McDonald’s Said to Be Closing

A staffer at the McDonald’s at the corner of Broadway and Thomas told a reader that the restaurant is closing by November 29. (I went over to confirm it, but the line didn’t move after five minutes, and a man started yelling about his hotcakes, so I pulled the ripcord.) There’s no word about what will happen to the space, or even the building. One hesitates to pray for demolition, but that building is a blight, especially compared to what used to stand there—a twin to the beauty across Thomas. (Photo from circa 1940 courtesy the Municipal Archives.)



  1. This photo shows the twins together, with the location of the then-unbuilt Long Lines tower in the background.

    “Broadway and Thomas Street, Manhattan.” 1936, by Berenice Abbott

  2. What a shocking difference! Why was that beautiful building demolished?

  3. ”A few blocks uptown, at Thomas Street, two identical cast-iron buildings once stood at the north and south corners. Thomas Street itself was once the property of New York Hospital; entry gates flanked the driveway on what is now the roadbed. The corners were built simultaneously in 1870 and designed by David and John Jardine.

    ”The northerly building, 319 Broadway, was in the 1880s occupied by the Louisiana Lottery Company. It operated openly, infuriating Anthony Comstock, the founder of the New York Society for the Suppression of Vice. He sent decoy letters from out of town asking for tickets that were duly honored — even though he signed them with names like ‘U. Arcaute.’

    ”In his 1883 book ‘Traps for the Young,’ Comstock said that although the police dutifully kept order in the ticket line, it took him awhile to secure an arrest. He said he spoke for ‘the women and children that are beggared and starving because of this gambling scheme.’ The company eventually went out of business.

    “In 1929 the real estate broker Charles F. Noyes announced plans to build a 150-story building on the two blocks spanning Thomas Street; that was in early October 1929, a few weeks before the stock-market crash.

    “The two cast-iron structures came to be called the Thomas Twins, and attracted early attention from Margot Gayle, the cast-iron advocate. In 1966 both buildings were considered for landmark status. The owners protested that keeping the buildings would lower the property value, and the Landmarks Preservation Commission backed off.

    “No. 317 was demolished in 1971, but 319 survived to be receive landmark designation in 1989.”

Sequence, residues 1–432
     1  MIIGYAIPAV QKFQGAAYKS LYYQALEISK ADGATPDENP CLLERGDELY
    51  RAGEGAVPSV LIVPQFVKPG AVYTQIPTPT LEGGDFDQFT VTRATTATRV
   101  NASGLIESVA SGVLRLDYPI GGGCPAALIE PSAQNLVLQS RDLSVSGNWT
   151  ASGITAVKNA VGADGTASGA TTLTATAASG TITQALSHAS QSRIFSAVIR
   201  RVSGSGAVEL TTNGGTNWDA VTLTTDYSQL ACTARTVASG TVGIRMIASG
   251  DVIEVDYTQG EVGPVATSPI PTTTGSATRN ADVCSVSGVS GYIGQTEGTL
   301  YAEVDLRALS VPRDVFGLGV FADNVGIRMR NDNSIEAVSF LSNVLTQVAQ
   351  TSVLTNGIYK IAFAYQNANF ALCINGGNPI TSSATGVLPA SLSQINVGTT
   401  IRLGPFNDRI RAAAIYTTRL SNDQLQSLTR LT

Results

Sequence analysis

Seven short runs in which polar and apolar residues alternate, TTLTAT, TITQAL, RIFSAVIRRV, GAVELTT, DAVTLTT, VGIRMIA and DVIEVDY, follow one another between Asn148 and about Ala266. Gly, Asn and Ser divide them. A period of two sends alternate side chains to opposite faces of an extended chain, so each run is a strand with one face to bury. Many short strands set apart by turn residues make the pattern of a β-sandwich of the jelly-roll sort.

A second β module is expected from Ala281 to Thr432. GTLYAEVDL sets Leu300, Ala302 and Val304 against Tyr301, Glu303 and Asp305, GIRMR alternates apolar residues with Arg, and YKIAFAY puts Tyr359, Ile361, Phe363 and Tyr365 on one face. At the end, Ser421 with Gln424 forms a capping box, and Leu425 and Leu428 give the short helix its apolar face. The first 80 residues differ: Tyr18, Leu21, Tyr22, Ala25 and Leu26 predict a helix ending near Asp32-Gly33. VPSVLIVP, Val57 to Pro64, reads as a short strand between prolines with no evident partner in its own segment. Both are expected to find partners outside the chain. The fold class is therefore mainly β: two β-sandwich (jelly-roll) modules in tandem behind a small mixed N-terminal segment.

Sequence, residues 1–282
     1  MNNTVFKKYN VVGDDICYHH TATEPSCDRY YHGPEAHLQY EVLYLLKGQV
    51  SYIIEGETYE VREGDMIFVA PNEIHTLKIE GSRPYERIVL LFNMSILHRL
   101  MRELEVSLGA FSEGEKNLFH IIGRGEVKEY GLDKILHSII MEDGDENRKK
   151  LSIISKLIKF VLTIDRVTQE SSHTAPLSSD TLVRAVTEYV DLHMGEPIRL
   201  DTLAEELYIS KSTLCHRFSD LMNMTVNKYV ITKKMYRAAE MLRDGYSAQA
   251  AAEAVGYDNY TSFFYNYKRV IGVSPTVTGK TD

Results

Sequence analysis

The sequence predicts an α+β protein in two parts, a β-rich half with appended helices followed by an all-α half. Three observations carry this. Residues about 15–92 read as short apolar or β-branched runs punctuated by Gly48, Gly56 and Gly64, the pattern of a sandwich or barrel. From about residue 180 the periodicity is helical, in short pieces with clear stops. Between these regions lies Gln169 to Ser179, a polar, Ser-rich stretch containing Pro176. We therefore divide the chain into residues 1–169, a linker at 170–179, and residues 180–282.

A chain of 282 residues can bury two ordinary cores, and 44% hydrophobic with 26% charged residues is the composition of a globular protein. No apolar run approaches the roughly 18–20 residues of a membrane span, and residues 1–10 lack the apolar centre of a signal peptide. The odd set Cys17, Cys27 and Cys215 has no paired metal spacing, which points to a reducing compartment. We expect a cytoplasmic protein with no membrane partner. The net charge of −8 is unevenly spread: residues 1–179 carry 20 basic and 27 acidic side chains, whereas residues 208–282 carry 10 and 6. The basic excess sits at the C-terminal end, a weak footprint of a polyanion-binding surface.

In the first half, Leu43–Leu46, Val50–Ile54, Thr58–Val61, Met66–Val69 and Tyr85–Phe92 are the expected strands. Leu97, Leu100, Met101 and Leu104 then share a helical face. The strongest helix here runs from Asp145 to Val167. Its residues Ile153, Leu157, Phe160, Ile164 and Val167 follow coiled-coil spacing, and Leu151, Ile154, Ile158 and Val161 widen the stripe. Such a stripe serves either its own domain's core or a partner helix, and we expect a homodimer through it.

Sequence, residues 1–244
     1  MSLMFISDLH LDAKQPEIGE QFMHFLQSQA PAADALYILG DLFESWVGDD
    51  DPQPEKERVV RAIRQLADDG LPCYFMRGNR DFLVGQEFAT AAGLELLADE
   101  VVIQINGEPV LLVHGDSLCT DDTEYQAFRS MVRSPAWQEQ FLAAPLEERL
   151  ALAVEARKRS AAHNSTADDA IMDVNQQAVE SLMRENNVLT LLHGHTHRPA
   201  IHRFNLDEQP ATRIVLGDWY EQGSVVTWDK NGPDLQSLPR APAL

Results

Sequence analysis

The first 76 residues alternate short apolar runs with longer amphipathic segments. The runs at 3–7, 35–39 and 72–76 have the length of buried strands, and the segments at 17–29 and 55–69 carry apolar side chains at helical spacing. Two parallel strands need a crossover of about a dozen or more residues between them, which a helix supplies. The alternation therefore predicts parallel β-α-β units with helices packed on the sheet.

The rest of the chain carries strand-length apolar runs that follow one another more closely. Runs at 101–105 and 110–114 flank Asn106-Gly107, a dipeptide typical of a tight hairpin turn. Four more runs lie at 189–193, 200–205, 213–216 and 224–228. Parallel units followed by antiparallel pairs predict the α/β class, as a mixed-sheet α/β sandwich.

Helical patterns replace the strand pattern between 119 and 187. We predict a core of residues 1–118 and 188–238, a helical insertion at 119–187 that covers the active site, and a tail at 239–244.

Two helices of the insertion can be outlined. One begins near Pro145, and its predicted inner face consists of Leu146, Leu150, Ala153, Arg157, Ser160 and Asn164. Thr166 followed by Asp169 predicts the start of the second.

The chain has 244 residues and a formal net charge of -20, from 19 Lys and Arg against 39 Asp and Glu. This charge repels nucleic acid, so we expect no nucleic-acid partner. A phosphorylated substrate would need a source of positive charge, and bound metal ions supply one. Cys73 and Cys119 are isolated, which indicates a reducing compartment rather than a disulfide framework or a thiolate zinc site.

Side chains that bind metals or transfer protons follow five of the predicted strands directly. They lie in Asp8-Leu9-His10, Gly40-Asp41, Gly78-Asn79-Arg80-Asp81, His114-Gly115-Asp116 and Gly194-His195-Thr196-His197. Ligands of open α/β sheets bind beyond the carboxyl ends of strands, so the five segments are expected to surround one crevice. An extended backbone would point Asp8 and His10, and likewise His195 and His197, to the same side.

NY Times: “Streetscapes — Broadway Ironclads and Built to Last”

    • That said, a Court disagreed with the Times about the circumstances when the owner of 319 fought LPC designation:

      179 A.D.2d 406 (1992)
      In the Matter of Doro’s Restaurant, Inc., Appellant, v. City of New York et al., Respondents
      Appellate Division of the Supreme Court of the State of New York, First Department.
      January 14, 1992

      The subject building is located at 319 Broadway […] The challenge to designation is based on the fact that in 1971, the Landmarks Preservation Commission declined to so designate the adjacent “twin” at 317 Broadway, which was subsequently demolished.

      […] Respondent notes that the relatively dilapidated condition of 317 Broadway was a significant circumstance which contributed to the Landmarks Preservation Commission’s decision not to designate that building.

      Subsequent to that determination, a historical and architectural study was issued on the Soho Cast Iron District, which focused, in part, on the surviving Thomas Twin at 319 Broadway. Prior to that time no findings had been made as to the existence or nonexistence of architectural or historical attributes of 319 Broadway. Subsequent to the study, during the 1970’s, momentum began to build to designate 319 Broadway as one of the few surviving examples of a unique architecture which relied on cast iron elements. The present owner of 319 Broadway purchased the building in 1982, undertook extensive renovations, and commenced […] the present restaurant business which occupies the premises. There is no credible evidence that 319 Broadway, if designated, would lack economic value.

      When the Landmarks Preservation Commission met in Executive Session on August 29, 1989, it noted that the decision not to designate 317 Broadway was based on its physical condition. It also was noted that no prior findings had been made with respect to 319 Broadway. The Landmarks Preservation Commission voted unanimously in favor of designating 319 Broadway. […]

      Nor, under the circumstances of this case, is there any merit in comparing nondesignation of 317 Broadway, which rested on wholly economic considerations, with the later designation of 319 Broadway, which relied upon the appropriate historical, architectural, and aesthetic attributes of that specific property. […]

      • Thank you for the very (very!) thorough research and reply. Well, at least one was saved for our (and hopefully that of future generations) current aesthetic appreciation.

  4. Wow… it’s like mourning Penn Station all over again. As for the MacDonald’s building – KILL IT WITH FIRE! Then please, hire a decent architect and building something to (slightly) ease the pain of this (yet another) vicious act of vandalism in our neighborhood.